The term new religious movement
evolved in part to replace the term cult
, which has colloquially taken on many negative connotations. New religious movements need to possess substantial differences from older, more traditional religions. However, the amount of difference required varies from user to user. Some academics attribute the term only to unique religions, while others include movements such as the Church of Latter Day Saints and Jehovah’s Witnesses – both of which are non-mainstream denominations within the religion of Christianity.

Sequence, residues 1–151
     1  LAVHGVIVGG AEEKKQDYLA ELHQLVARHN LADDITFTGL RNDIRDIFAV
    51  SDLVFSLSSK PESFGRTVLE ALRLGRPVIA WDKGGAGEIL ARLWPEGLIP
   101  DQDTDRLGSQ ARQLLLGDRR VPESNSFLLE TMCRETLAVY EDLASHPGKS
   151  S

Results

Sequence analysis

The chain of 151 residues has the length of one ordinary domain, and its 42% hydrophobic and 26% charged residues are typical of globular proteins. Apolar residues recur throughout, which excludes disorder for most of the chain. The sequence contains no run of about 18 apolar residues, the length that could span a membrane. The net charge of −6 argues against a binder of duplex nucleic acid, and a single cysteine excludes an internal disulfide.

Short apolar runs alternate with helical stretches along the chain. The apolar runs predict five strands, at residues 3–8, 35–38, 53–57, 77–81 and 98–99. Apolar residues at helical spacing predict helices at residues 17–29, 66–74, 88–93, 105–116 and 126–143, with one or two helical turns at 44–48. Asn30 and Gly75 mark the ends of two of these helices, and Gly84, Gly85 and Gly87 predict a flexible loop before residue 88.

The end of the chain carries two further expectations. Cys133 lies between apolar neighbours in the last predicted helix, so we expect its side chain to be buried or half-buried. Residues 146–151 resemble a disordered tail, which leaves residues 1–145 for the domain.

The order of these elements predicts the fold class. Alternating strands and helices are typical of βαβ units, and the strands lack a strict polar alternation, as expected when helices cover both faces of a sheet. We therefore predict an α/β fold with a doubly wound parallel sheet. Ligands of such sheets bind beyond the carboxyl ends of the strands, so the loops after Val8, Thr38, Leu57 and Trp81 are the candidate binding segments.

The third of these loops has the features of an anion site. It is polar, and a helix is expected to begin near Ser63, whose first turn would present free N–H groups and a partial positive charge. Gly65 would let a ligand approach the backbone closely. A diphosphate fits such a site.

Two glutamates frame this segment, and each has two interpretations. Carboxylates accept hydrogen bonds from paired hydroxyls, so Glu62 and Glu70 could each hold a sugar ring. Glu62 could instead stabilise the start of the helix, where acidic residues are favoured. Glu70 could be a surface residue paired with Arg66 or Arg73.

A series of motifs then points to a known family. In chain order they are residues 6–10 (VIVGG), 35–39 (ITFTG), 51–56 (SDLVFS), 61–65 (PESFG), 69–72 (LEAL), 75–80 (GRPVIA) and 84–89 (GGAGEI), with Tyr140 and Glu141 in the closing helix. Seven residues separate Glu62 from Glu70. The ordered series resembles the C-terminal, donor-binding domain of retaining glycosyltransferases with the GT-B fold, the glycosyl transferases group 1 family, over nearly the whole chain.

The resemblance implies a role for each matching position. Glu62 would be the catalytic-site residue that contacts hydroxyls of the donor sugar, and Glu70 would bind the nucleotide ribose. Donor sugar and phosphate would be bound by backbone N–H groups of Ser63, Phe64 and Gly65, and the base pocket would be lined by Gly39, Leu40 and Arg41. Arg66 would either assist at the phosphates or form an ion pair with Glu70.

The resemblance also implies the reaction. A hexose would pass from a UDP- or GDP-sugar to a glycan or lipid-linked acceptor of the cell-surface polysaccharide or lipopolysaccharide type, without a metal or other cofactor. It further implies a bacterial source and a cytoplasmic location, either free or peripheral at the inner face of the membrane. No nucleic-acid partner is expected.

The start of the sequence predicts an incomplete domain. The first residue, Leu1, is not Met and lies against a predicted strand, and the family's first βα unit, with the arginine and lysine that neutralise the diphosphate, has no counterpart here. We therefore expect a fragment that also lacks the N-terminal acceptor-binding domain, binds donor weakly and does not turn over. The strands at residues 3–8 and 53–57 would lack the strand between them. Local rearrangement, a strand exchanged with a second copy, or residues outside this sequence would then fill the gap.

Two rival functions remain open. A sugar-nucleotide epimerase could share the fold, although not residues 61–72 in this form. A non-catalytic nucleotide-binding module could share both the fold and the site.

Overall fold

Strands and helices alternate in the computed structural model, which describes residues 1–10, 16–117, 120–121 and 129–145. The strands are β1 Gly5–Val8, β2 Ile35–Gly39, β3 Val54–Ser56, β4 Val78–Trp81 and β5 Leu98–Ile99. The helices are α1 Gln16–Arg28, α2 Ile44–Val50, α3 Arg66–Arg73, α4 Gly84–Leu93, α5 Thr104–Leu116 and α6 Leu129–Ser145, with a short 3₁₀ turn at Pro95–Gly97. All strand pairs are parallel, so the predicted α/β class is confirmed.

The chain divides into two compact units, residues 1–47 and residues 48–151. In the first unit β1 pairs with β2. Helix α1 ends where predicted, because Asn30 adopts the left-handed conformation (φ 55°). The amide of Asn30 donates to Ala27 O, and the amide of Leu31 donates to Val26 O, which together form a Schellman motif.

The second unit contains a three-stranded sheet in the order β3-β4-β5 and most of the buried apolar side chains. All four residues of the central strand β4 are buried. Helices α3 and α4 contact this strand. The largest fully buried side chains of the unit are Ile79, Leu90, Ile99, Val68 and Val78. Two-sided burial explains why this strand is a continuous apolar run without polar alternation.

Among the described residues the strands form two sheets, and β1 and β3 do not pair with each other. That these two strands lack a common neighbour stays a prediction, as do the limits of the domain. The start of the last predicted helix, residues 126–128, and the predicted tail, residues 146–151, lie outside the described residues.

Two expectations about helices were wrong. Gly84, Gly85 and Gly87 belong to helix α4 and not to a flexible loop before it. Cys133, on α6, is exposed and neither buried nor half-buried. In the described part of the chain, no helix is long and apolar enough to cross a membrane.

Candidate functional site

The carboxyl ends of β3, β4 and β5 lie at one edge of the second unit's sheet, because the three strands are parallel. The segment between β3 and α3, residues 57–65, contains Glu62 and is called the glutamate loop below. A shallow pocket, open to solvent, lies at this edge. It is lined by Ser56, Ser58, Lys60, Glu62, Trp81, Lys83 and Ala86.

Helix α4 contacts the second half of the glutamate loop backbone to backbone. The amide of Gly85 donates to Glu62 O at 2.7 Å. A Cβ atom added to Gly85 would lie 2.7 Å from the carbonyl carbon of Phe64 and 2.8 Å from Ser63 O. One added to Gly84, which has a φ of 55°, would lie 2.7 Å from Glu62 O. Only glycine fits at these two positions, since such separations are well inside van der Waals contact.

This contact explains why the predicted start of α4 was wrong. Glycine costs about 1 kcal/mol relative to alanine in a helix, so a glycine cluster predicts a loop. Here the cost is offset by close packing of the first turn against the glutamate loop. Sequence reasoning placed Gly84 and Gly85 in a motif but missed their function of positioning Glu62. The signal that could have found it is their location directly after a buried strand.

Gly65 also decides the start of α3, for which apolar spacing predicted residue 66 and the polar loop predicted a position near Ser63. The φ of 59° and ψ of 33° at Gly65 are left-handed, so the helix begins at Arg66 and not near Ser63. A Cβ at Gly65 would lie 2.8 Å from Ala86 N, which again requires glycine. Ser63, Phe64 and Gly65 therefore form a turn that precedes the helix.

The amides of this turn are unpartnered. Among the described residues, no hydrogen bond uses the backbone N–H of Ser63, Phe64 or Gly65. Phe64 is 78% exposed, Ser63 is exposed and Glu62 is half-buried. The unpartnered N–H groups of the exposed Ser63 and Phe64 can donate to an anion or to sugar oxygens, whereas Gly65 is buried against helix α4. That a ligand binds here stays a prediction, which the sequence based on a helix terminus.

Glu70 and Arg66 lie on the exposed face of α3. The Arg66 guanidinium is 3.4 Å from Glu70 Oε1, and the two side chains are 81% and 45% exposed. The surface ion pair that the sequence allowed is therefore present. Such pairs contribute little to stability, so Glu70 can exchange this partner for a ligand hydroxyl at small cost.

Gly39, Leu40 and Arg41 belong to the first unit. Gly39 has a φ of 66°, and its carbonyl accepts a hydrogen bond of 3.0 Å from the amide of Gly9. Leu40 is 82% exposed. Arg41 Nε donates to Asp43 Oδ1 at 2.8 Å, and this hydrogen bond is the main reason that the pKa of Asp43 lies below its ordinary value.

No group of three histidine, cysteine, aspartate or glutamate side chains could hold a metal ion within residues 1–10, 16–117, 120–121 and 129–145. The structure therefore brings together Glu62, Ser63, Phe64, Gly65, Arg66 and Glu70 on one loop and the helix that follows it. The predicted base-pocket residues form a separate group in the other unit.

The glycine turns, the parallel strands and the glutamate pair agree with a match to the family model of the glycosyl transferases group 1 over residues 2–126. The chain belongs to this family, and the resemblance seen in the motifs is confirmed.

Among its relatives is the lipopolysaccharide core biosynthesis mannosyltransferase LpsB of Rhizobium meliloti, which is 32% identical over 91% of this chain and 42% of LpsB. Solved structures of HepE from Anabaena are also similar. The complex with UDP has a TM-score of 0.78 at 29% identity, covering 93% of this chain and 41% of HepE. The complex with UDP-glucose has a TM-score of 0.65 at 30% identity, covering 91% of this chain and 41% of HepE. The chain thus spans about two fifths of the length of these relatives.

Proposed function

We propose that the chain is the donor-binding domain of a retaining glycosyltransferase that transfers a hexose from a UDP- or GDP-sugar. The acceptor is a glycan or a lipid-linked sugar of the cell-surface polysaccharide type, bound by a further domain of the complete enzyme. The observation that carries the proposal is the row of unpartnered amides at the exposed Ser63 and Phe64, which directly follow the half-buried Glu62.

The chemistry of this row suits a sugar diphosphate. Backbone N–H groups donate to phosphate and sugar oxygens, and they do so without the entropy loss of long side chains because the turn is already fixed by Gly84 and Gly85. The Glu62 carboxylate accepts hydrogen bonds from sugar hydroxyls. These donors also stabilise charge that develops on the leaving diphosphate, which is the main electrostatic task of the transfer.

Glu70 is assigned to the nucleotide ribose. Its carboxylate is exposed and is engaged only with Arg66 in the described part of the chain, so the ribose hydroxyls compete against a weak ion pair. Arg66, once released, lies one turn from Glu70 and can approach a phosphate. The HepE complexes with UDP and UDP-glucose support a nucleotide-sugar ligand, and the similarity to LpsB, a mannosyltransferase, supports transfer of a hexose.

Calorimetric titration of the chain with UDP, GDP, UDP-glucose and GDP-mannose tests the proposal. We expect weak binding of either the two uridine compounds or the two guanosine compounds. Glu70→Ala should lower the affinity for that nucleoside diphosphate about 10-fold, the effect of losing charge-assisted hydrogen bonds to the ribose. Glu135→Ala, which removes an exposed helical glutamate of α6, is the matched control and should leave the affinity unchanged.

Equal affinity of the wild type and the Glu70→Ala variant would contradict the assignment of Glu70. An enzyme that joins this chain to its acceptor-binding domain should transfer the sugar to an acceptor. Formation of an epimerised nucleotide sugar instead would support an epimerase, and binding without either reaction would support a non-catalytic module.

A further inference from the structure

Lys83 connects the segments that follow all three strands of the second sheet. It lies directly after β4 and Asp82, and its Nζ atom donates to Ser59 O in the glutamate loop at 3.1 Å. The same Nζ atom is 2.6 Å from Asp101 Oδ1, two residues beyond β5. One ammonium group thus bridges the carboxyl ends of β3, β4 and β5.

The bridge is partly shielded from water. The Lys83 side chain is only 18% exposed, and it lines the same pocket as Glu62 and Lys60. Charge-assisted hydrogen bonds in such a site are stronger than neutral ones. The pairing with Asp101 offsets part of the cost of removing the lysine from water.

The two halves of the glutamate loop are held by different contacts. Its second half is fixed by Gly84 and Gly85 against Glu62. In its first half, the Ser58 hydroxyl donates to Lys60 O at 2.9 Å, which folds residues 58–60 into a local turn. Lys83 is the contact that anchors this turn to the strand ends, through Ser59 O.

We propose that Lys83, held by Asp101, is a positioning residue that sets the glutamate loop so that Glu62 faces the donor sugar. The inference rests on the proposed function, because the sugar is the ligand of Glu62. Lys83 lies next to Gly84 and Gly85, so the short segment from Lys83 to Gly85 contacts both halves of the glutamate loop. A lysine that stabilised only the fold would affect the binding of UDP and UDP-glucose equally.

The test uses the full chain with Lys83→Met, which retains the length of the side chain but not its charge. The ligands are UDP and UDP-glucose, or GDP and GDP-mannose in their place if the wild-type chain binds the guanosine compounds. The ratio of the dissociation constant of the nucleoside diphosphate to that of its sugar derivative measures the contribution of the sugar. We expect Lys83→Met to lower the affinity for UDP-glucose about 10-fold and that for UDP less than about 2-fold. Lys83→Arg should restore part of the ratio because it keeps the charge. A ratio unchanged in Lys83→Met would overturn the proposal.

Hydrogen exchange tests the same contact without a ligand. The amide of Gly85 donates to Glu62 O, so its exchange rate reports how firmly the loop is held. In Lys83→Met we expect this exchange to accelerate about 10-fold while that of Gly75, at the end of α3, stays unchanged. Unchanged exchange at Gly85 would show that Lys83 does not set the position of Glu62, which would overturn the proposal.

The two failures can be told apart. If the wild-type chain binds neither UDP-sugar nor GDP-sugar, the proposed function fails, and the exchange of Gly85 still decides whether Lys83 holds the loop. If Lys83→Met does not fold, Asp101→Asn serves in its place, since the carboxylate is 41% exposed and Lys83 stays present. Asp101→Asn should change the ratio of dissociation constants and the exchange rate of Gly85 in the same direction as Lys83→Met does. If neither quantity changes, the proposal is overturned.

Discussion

Even the requisite age of a movement varies from speaker to speaker. The term frequently applies to post-World War II religions, but it also is commonly applied to religions created within that last two hundred years. A few even extend the definition to anything originating since the 17th century. There is agreement that the term does not make sense for religions or denominations dating to before the 17th century. For example, mainstream Protestant denominations are not included among the new religious movements.